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Oil Data From SARS Era Offers Clues to Impact of China Virus

Christopher Sell
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Oil Data From SARS Era Offers Clues to Impact of China Virus

(Bloomberg) -- Oil traders reacted to the outbreak of the coronavirus in China by dumping contracts for crude, diesel and jet fuel. Data from the last Chinese epidemic offer some clues as to whether the selloff is justified.

The 2003 outbreak of Severe Acute Respiratory System, or SARS, did indeed crimp demand, according to figures provided to Bloomberg by the International Energy Agency. Consumption of jet fuel took a big hit, but use of other oil products was resilient to the disruption caused by the virus.

As China scrambles to contain the current epidemic, the oil market’s focus has again been on demand for jet fuel. The nation has been brought to a near standstill as the government curtails both domestic and international travel. Profit margins from making aviation fuel in Asia have slumped to the lowest in almost four years.

A glance back to 2003 shows these concerns are valid. Annual jet fuel consumption in China grew 28% in 2002 but increased just 1% in the year of the SARS outbreak, a difference of about 34,000 barrels a day. Growth rebounded to 24% in 2004.

Since that period, China’s demand for jet fuel has grown sixfold to nearly 700,000 barrels a day in 2017, IEA data show. The product now represents 6.5% of total consumption, up from 3.9% prior to 2003, analysts at Sanford C. Bernstein said in a note on Tuesday.

If China’s air traffic falls by half in the first quarter, this would equate to the loss of 300,000 barrels a day of demand compared with the previous year, according to a Barclays Capital note.

The epidemic isn’t only playing out in the market for aviation fuel. Two measures of diesel demand that traders watch closely -- its premium against crude, and a gauge of supply and demand -- have collapsed this year as fears of the coronavirus exacerbate weaker-than-expected consumption. Oil refiners were making $9.83 a barrel from turning crude oil into diesel on Monday, the lowest in almost two years, ICE Futures Europe data show.

Could traders be overreacting? In 2003, demand for gasoil/diesel fuel and naphtha, which is used to make petrochemicals, grew by 10% and 12% respectively, in line with annual trends at that time. The current virus drove crude lower for five consecutive days to Monday, but prices have gained since then as traders assess China’s efforts to contain the disease.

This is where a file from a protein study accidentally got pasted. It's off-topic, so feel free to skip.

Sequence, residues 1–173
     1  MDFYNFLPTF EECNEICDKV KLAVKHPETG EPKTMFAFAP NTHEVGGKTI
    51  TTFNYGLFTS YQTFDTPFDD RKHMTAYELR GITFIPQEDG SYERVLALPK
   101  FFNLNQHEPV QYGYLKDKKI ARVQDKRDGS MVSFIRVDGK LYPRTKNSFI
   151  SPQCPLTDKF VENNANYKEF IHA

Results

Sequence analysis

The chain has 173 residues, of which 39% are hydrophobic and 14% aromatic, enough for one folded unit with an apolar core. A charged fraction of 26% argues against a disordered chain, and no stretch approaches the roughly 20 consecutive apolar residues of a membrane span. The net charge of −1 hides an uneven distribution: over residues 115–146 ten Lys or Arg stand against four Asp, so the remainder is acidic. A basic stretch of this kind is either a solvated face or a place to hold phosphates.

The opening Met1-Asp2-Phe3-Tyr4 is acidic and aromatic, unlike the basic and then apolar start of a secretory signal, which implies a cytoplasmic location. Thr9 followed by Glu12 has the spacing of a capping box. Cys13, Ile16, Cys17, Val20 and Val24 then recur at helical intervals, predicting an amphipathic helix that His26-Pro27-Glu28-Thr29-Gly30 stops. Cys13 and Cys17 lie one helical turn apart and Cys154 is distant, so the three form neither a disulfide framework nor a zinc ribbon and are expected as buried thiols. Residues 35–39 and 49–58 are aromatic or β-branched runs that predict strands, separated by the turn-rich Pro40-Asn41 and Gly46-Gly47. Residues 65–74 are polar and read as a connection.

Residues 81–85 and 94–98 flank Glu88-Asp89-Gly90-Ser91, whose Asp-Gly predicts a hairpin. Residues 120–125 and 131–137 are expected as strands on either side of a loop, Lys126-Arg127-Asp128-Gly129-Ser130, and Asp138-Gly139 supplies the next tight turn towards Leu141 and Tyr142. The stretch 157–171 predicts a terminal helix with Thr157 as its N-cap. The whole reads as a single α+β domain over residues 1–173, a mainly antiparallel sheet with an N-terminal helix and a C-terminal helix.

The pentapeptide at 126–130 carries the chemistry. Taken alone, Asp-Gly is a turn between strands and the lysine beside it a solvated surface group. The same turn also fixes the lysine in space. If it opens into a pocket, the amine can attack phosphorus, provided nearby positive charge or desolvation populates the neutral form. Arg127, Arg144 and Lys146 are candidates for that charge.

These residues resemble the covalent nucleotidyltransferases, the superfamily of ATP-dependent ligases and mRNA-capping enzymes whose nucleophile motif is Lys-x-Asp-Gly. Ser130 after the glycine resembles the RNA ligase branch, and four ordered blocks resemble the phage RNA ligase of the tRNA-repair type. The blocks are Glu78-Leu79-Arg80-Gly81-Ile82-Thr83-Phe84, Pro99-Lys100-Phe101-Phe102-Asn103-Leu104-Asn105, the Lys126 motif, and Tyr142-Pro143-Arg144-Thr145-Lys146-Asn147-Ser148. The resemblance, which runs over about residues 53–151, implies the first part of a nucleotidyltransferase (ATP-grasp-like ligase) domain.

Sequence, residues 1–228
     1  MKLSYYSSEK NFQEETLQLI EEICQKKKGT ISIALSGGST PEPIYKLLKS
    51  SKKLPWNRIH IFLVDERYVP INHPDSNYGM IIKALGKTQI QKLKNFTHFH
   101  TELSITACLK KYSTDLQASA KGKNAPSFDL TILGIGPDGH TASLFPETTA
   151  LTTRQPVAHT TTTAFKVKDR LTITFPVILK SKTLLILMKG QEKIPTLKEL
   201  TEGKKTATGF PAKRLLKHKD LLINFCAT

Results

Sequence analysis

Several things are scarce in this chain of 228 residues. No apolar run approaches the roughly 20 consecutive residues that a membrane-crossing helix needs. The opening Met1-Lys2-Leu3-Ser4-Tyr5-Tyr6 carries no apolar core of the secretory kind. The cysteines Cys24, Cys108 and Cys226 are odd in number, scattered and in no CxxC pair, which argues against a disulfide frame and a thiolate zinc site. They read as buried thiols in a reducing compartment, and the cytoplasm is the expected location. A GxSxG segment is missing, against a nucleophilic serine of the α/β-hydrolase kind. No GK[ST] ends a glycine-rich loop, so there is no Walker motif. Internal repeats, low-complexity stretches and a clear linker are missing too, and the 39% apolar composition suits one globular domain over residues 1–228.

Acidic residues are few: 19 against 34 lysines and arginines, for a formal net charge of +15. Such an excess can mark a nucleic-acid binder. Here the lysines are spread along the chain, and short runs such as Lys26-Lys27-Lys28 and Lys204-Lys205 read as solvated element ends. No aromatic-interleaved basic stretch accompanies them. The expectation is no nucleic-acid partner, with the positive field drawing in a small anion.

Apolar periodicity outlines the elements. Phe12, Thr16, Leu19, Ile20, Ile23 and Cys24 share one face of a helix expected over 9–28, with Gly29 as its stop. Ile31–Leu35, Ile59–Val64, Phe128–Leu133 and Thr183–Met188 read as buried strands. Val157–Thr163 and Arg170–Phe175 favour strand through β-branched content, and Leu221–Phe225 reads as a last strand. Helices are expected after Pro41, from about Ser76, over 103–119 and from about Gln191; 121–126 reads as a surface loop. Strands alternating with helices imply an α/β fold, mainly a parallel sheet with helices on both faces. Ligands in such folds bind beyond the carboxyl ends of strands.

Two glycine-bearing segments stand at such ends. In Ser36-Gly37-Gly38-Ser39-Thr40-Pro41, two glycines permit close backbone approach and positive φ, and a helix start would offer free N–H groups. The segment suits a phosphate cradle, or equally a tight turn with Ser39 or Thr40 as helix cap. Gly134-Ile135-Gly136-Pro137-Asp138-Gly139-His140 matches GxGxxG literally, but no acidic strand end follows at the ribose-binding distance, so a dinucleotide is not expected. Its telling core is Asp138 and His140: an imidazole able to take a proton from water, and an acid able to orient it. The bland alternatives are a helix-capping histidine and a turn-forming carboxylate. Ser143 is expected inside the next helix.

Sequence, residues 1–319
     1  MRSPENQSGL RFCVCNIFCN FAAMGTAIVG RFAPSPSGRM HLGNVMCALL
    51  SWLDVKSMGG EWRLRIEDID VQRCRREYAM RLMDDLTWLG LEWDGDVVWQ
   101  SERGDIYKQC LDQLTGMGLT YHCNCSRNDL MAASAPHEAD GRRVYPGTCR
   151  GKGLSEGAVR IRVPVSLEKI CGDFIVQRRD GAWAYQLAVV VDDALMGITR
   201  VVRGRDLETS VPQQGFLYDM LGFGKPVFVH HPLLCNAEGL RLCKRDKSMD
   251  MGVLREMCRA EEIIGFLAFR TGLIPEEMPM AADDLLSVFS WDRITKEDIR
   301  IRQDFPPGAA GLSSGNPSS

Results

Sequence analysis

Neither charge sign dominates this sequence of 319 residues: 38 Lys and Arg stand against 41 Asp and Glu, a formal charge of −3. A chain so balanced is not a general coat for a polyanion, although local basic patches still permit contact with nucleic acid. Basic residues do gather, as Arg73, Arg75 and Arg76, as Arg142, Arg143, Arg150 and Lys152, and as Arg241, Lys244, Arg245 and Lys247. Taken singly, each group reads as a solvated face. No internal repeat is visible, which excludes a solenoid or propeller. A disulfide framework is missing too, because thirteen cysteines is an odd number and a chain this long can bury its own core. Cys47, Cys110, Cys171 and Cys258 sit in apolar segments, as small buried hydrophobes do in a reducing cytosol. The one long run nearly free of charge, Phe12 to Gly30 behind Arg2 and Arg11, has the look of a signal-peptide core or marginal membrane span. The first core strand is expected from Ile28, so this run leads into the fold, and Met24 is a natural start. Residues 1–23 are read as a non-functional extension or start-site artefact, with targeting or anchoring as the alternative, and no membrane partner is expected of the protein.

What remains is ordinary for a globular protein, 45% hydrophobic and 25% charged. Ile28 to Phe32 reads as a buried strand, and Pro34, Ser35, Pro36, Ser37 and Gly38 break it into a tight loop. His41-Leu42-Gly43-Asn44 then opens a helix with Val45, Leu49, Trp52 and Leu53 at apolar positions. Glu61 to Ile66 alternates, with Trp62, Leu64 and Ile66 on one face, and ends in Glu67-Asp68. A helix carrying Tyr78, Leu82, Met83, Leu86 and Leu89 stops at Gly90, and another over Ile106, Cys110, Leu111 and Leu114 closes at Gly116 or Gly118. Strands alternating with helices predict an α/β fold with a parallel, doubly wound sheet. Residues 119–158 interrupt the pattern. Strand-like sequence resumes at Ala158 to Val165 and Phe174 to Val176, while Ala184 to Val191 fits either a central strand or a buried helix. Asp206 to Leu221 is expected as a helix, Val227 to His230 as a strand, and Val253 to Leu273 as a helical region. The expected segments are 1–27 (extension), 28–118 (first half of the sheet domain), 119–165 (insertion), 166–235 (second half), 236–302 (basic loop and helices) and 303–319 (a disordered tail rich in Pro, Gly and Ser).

“While Chinese jet fuel demand sees a direct impact, the oil market seems to price in a much broader and longer lasting economic disruption than comparisons with earlier pandemics suggests,” Norbert Ruecker, head of economics and next-generation research at Julius Baer, said in a note on Tuesday.

Even the fears for jet fuel are overdone, said London-based consultant Energy Aspects Ltd. Aviation demand could make a strong recovery by the third quarter after dropping 5.6% year-on-year in the first, it said.

The situation in China is unfolding rapidly. It’s unclear if the outbreak will have a similar impact to SARS, or if drastic steps taken by the authorities -- locking down cities with a combined population of 50 million people -- will control the epidemic.

“Coronavirus could be more material” for the global oil market because China’s economy is so much bigger, said analysts at Sanford C. Bernstein. “Though early signs suggest a more effective response this time.”

(Updates with crude prices in the eighth paragraph)

To contact the reporter on this story: Christopher Sell in London at csell1@bloomberg.net

To contact the editors responsible for this story: James Herron at jherron9@bloomberg.net, Rakteem Katakey, Christopher Sell

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